After paying a lot of attention to the mobile and connected TV experience, Netflix has announced a major overhaul of their browser interface. Before you sign in and get confused, today is just the beginning of the rollout, which they say will complete in a couple of weeks. Netflix bills this as the first major update in four years, though its look has certainly gone through several iterations over that time span. For a refresher, here's a side-by-side comparison of old and new (click to embiggen):
Left: current/old Right: new
Orange is the new black? Maybe, but black is the new white.
So you were at a party or on a trip, and you want to share the photos of the event with everyone else who was there. Better upload them, make an album, send links, and so on. Right? Wrong! Or so says Facebook. The new Moments app lets you create synced albums that are shared only with the people you choose so they can view and save the photos.
Mozilla is a champion of the web, and a core part of its mission has been supplying the open source Firefox browser. These days competitors like Chrome are eroding at its userbase, but they're doing so using many of the bullet points Mozilla emphasized—open source underpinnings, customization through add-ons, and speed.
Now Mozilla is pursuing its mission statement in other ways. One of the more well-known efforts would be the push to develop and sell Firefox phones. Another would be the lesser-known Webmaker initiative that empowers more people create material for the web and mobile devices. A beta version has made its way onto Google Play.
Building a smartphone is not easy even for established companies like LG and Samsung. So you have to maintain healthy skepticism when a company like Saygus rolls into town and says it's going to beat the big guys at their own game. The dual-SD card Saygus V-Squared was announced back at CES, but the ship date has slipped a few times already. Now the company has hit another major snag and decided to start a shady Indiegogo campaign. Yikes.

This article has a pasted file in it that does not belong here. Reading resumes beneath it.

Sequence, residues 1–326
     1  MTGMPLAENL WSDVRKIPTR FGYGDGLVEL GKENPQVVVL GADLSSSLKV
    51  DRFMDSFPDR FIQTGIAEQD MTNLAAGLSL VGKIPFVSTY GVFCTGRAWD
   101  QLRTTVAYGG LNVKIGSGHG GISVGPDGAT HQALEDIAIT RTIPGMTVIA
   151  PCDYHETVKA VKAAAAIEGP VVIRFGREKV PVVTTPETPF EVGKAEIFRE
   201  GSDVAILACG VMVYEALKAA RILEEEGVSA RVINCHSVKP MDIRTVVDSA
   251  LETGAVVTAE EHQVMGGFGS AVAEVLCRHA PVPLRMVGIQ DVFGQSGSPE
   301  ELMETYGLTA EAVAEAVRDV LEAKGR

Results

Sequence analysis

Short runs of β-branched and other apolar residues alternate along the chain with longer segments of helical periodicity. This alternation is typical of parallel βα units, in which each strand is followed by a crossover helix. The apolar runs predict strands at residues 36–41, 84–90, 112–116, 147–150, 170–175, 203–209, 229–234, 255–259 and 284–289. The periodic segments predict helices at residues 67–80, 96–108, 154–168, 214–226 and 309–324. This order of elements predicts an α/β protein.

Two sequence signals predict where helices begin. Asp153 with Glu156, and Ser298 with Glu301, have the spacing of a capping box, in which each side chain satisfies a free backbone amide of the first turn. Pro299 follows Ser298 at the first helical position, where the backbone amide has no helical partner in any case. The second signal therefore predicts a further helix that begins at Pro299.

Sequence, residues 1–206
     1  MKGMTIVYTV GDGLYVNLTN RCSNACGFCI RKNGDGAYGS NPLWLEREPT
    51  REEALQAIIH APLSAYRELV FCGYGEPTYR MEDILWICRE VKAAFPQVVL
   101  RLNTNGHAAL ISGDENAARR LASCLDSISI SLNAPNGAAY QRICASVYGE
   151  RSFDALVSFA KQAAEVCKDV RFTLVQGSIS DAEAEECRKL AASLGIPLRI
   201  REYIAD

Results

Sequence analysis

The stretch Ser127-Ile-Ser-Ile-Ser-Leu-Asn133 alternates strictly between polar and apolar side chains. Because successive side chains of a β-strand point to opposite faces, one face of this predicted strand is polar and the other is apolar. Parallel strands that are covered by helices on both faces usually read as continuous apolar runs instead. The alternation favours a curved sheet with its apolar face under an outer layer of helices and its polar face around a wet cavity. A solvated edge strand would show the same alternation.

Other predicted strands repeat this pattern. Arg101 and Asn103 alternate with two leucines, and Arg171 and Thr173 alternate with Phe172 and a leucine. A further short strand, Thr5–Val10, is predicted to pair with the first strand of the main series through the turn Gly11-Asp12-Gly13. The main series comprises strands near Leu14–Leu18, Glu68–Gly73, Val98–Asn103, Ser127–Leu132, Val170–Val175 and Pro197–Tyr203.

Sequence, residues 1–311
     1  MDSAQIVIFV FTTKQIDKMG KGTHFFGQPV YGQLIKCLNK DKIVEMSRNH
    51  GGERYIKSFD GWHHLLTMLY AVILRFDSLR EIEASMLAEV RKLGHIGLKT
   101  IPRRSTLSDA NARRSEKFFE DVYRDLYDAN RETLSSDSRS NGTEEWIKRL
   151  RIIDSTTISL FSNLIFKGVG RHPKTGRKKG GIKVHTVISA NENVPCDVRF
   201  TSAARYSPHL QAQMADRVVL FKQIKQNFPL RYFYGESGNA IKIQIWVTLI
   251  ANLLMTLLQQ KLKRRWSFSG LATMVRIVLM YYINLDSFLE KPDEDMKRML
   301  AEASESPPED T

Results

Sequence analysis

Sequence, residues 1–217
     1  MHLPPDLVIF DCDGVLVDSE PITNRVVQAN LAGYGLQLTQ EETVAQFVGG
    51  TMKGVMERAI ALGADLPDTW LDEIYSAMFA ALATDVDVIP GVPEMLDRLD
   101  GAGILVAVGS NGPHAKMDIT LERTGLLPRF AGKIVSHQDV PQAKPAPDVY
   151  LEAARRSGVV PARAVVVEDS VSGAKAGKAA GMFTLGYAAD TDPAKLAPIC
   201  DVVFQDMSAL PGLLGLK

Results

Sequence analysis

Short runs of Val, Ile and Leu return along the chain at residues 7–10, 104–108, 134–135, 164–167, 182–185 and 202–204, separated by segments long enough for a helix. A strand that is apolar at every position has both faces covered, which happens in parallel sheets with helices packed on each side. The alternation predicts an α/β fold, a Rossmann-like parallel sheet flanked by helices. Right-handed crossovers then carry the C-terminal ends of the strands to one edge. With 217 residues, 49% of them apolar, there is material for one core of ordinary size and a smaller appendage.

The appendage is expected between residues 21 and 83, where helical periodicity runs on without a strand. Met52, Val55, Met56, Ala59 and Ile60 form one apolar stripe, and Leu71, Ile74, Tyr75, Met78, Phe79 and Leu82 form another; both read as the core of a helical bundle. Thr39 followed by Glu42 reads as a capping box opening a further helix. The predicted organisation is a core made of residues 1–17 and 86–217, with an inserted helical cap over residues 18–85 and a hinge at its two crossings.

Adobe, would you just pick a version of Photoshop for Android and stick with it? After unceremoniously dumping the conventional image editor Photoshop Touch last month and leaving us with the more Instagram-style Photoshop Express, Adobe has now released Photoshop Mix on the Play Store after a period of iOS exclusivity. This app is more powerful than Express, but less powerful than Touch, and attempts to bring a more manageable interface to phones.
In particular the new app has selection tools and basic layer functionality, meaning it's suitable for at least some advanced image editing functions beyond mere touch-ups and filters.
Razer, a PC and gaming accessory manufacturer with ecosystem fantasies, recently launched its Forge Android TV "console" to outright terrible customer reviews on Amazon largely because the box shipped without Netflix support or the promised PC game streaming feature meant to compete with NVIDIA's GameStream technology. Basically, it's junk at the moment - buggy and incomplete.
Ouya, a Kickstarter Cinderella story if Cinderella ended with the protagonist being sold into human bondage as a mannequin model at a moderately successful but tasteless high-end garment and shoe factory, also shipped a console box thing at one point, and we thought it was also pretty much terrible.
The Moto Maker customization tool, first introduced with the original Moto X and later expanded to the second-gen model and (technically) the Moto 360, has been one of the company's more unique offerings. It's been slowly expanding since its launch in 2013, from the US to the UK, Germany, France, and China. Next up on the schedule is probably India, presumably starting with the second generation Moto X.
The Galaxy S6 comes with support for wireless charging, but if you're going to do (mostly) without cables, you're going to need a compatible pad. Samsung will gladly sell you one for $50, which some would consider a bit much to drop on an alternative way to power their device. Fortunately, you can currently get a third party option on Amazon for 1/5th the price.
Ionic Pro's Galaxy S6 wireless charging kit is priced at $20.95, but you can get it for $10.47 by entering the coupon code 2O5I8F45 at checkout.
The box comes with a wireless charging pad, a 2A wall USB adapter, and a microUSB 2.0 cable.